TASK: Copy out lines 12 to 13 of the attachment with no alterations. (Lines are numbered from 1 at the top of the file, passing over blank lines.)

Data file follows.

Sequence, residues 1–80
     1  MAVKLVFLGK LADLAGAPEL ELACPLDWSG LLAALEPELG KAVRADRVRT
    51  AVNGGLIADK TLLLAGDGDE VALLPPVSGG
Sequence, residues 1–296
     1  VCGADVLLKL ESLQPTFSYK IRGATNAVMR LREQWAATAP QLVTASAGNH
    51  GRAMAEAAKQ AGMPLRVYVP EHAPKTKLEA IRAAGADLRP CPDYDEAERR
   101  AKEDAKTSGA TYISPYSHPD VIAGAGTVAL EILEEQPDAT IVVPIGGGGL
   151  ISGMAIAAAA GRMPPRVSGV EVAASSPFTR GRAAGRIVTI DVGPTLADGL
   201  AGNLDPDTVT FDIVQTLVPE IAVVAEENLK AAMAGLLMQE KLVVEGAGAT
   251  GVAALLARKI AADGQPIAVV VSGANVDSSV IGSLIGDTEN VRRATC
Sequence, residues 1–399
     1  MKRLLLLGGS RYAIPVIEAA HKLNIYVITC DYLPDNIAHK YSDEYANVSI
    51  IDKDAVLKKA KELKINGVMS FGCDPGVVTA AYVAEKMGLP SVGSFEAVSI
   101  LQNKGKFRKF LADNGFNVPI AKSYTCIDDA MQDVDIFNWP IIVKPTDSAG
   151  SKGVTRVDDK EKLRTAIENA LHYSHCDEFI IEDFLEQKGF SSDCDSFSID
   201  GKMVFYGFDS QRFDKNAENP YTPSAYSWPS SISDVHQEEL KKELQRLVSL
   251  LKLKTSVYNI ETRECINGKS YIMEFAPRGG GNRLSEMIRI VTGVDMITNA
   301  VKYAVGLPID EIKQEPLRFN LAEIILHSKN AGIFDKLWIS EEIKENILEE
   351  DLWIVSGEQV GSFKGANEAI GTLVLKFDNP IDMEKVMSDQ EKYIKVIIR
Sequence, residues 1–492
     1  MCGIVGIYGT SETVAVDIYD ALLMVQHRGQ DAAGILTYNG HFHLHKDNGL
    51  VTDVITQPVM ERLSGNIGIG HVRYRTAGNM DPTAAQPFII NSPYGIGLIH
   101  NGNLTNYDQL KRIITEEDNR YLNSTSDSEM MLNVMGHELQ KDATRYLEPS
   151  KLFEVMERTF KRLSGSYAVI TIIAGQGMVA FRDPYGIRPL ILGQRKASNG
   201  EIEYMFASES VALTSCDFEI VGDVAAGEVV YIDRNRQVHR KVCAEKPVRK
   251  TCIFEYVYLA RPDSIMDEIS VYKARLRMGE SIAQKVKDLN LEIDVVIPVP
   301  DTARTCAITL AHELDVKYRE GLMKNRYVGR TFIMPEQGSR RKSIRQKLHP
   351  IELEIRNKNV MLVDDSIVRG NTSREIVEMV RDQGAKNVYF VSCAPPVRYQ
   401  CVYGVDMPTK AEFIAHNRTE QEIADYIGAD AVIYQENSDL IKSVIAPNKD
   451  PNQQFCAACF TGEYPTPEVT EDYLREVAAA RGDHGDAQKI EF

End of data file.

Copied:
     1  MKRLLLLGGS RYAIPVIEAA HKLNIYVITC DYLPDNIAHK YSDEYANVSI
    51  IDKDAVLKKA KELKINGVMS FGCDPGVVTA AYVAEKMGLP SVGSFEAVSI